The Gloriously Inappropriate Restoration of a 16th-Century Wooden Icon - Atlas Obscura
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The Gloriously Inappropriate Restoration of a 16th-Century Wooden Icon

San Jorge has a whole new look.

The statue of San Jorge, before and after its restoration.
The statue of San Jorge, before and after its restoration. Courtesy Julio Asuncíon/ArtUs Restauración Patrimonio

The pretty, tiny town of Estella, Spain, lies 60 miles south of the French border. It is home to just under 14,000 people; a selection of wineries, eateries, and monasteries; and a painted wooden effigy of San Jorge, dating from the 16th century. Located in the Chapel of San Jorge, the saint sits astride his wooden horse, his arm aloft as if in victory.

But despite this triumphant stance, in recent years, the statue has shown its age. Paint flaked from his nose and eyelids, and his horse had seen better days. And so, much like the amateur restorer Cecilia Giménez, of Ecco Homo fame, a local handicrafts teacher stepped into the fray, paintbrush in hand. The polychrome statue now has the rosy glow of a Pixar character, with arching eyebrows in a near-constant state of surprise.

The horse also received an update.
The horse also received an update. Courtesy ArtUs Restauración Patrimonio

Speaking to The Guardian, the local mayor Koldo Leoz expressed his dismay with the work. “It’s not been the kind of restoration that it should have been for this 16th-century statue,” he said. “They’ve used plaster and the wrong kind of paint and it’s possible that the original layers of paint have been lost.” Restoring anything of that age usually requires expertise, or at least familiarity, with antique conservation, which the teacher seems to have lacked—experts are now trying to see whether the statue could be “unrestored,” he said.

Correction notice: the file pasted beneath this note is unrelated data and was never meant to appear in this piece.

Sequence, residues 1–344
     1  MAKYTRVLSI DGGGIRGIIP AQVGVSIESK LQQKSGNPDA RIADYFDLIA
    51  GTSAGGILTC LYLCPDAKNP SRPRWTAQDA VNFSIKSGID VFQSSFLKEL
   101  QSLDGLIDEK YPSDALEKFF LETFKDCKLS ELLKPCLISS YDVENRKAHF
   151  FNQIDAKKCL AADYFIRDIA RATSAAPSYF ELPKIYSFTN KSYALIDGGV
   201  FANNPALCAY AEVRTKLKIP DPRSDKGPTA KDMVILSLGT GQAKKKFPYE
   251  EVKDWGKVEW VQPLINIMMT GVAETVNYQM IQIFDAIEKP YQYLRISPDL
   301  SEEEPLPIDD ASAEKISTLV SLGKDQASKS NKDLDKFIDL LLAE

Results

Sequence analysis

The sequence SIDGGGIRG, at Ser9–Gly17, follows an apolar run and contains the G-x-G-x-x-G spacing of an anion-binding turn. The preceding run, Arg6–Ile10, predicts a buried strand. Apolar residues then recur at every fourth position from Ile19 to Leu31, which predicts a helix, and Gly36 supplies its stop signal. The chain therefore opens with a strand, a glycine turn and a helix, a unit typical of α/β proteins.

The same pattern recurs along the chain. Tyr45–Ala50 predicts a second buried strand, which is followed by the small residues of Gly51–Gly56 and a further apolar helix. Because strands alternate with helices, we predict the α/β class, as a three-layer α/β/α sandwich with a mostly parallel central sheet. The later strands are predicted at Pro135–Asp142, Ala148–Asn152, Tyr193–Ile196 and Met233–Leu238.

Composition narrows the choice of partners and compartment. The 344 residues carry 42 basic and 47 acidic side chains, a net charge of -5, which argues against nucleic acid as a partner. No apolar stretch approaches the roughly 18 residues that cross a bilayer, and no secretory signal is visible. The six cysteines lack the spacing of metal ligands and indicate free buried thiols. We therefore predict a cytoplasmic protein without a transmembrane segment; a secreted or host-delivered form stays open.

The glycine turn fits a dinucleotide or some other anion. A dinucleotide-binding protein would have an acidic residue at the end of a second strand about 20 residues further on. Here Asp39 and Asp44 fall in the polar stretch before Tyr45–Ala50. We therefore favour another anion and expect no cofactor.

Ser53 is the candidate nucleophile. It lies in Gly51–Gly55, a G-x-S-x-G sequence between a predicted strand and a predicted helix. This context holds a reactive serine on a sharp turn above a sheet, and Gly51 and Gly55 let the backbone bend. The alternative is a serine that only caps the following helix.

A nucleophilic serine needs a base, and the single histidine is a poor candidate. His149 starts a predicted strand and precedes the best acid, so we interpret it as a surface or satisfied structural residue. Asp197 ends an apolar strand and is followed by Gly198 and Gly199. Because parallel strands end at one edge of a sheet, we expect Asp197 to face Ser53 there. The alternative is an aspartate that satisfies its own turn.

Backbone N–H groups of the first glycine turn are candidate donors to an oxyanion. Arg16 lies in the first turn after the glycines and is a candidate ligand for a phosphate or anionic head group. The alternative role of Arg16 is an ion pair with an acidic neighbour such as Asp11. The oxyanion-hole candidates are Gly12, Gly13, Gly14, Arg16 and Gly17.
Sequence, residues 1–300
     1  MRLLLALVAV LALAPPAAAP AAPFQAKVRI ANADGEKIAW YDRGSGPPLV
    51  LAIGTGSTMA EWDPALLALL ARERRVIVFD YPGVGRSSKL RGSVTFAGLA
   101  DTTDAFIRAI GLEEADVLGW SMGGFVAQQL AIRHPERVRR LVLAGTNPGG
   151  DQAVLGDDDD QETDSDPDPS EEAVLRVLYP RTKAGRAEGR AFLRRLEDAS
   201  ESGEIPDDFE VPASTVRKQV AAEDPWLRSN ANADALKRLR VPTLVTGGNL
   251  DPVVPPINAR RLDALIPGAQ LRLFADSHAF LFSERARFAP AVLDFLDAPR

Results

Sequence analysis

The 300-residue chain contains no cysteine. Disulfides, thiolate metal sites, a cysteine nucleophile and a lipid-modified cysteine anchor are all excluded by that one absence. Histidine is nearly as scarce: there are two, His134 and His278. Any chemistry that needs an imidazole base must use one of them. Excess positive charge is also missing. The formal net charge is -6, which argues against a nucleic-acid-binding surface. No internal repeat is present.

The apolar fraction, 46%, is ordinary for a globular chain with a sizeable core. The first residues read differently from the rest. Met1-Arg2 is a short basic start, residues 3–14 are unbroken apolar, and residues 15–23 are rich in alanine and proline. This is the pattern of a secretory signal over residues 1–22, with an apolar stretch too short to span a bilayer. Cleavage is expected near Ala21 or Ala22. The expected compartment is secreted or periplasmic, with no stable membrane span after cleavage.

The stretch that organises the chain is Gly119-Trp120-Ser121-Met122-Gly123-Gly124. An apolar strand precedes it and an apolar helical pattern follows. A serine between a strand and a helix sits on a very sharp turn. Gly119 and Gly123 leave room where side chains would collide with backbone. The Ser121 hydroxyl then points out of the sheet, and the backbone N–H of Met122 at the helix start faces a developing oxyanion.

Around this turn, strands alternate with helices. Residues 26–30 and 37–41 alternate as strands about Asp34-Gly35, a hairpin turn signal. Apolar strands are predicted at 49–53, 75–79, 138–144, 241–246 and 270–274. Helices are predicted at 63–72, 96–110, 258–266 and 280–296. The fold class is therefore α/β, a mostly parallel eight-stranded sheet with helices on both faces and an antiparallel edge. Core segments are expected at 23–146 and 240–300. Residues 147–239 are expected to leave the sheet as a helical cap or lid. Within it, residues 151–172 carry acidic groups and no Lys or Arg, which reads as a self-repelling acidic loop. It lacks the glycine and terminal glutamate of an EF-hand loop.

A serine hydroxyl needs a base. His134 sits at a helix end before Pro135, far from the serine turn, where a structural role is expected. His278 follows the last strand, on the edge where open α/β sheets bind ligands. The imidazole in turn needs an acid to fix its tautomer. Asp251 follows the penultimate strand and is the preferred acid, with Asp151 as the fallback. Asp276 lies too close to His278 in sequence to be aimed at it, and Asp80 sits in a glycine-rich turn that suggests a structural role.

The prognosis is poor, however. In an interview with the Spanish newspaper ABC, the art restorer Carmen Usua suggested that it might be impossible to bring the statue back to its original state, due to incorrect sanding, questionable coloring, and dodgy work on the plaster. The culprit now faces a fine from the Spanish association of art conservators and restorers, who plan to bring the issue to the Prosecutor’s Office of Navarra. Somewhere, a local handicraft teacher is wringing their hands—while poor old San Jorge continues to stare, terrified, into the void.